Diseases do not stop at frontiers-hence, the need for international co-operation between large pharmaceutical laboratories and governing agencies. A case in point is the urban outbreak of the swine flu, which began in Mexico and then spread quickly to North American cities and other metropolises around the world. The Mexican and American cities, which largely escaped the fear and economic repercussions of the SARS outbreak, are among the most affected populations. Unlike other 20th-century 'flu outbreaks, the H1N1 virus did not emerge from South Asia, nor did it impact their cities in the same way as the SARS virus, which had rapidly infiltrated the cities of developing countries such as Beijing. Information flows, managed by the World Health Organization and national agencies, monitored the spread of the virus: to and from research laboratories, hospitals, public health agencies, government organizations and pharmaceutical companies, back to the general public.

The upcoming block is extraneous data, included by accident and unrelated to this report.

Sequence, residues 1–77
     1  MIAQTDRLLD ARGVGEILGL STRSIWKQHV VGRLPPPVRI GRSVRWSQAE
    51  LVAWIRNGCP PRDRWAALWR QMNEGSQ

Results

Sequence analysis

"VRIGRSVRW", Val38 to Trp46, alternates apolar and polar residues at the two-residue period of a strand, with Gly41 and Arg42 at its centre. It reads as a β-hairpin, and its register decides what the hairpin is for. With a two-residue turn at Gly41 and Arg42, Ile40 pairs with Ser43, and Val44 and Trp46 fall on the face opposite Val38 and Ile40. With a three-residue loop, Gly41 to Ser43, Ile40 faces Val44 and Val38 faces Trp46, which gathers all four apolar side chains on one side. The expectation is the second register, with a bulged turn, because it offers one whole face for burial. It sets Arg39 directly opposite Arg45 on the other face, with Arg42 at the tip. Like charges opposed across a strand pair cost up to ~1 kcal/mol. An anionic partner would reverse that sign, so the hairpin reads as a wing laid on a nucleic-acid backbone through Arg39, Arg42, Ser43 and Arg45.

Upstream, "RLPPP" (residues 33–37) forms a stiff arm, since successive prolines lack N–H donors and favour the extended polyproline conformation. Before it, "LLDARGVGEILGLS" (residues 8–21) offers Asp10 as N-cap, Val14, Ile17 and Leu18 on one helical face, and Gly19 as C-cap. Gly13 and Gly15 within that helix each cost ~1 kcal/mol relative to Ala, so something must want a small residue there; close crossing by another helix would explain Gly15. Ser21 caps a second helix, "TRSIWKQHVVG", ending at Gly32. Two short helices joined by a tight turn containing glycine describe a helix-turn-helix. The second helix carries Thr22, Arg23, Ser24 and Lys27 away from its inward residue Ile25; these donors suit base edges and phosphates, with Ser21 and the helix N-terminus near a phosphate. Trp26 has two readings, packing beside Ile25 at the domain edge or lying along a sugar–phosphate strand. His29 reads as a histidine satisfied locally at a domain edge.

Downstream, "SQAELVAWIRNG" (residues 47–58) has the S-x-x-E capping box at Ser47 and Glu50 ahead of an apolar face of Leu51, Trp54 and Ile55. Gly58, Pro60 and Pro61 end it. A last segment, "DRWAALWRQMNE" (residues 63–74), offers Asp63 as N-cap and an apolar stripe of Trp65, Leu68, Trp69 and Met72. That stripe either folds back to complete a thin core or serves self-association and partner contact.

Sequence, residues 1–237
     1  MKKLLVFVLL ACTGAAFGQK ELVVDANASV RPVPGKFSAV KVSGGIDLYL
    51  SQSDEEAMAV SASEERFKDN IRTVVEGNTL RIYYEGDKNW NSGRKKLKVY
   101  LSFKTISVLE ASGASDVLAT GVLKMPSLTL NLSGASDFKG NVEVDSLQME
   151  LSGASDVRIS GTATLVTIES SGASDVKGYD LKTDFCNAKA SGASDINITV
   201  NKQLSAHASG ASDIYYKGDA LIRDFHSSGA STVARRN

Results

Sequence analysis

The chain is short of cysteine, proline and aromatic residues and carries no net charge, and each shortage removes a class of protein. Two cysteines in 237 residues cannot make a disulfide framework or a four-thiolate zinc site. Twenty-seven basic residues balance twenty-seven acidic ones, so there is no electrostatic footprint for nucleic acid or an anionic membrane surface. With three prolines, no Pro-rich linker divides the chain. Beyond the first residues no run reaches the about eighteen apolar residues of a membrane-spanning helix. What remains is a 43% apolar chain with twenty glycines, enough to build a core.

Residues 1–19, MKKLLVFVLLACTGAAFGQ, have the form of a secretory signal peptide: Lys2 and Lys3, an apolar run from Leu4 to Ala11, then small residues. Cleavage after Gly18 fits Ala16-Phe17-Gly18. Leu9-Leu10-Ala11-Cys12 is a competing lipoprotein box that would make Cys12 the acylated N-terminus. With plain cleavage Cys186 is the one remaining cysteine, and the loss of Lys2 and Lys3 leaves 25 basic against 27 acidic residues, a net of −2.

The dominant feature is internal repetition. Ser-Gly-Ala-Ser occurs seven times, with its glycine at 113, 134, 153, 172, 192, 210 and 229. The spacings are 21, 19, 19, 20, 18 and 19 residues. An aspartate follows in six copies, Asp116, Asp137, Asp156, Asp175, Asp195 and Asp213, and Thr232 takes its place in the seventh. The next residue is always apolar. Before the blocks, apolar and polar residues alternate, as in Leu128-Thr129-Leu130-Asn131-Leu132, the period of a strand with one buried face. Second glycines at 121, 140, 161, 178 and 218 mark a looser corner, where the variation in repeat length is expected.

Dealing with such epidemics is a matter of urban security and has consequences for urban and spatial planning in terms of biomedical infrastructures (health care, laboratories, research). In Europe and North America, there is a growing trend to bring these infrastructures nearer to the populations to be treated. Many private laboratories prefer to set up in the cities and towns rather than in suburban business parks, as in the case of the East River Science Park in Manhattan and the MaRS project in Toronto (Canada), with its art galleries and direct access to the transportation network. The Academic Medical Centre in Amsterdam, whose buildings are all connected internally, is attracting many biotech companies. The Asian cities that have been the epicentre for recent viruses (SARS and avian 'flu), have begun to develop different logics for medical urban planning. The fear of contagion now means that they have relocated medical centres from city centres to suburban campuses such as Biopolis in Singapour and the biotech science park of Hsin-Chu in Taïwan. Health centres are thus shifting in line with the diseases themselves and with societal representations of the most effective way of tackling them.
H1N1: urban superspreaders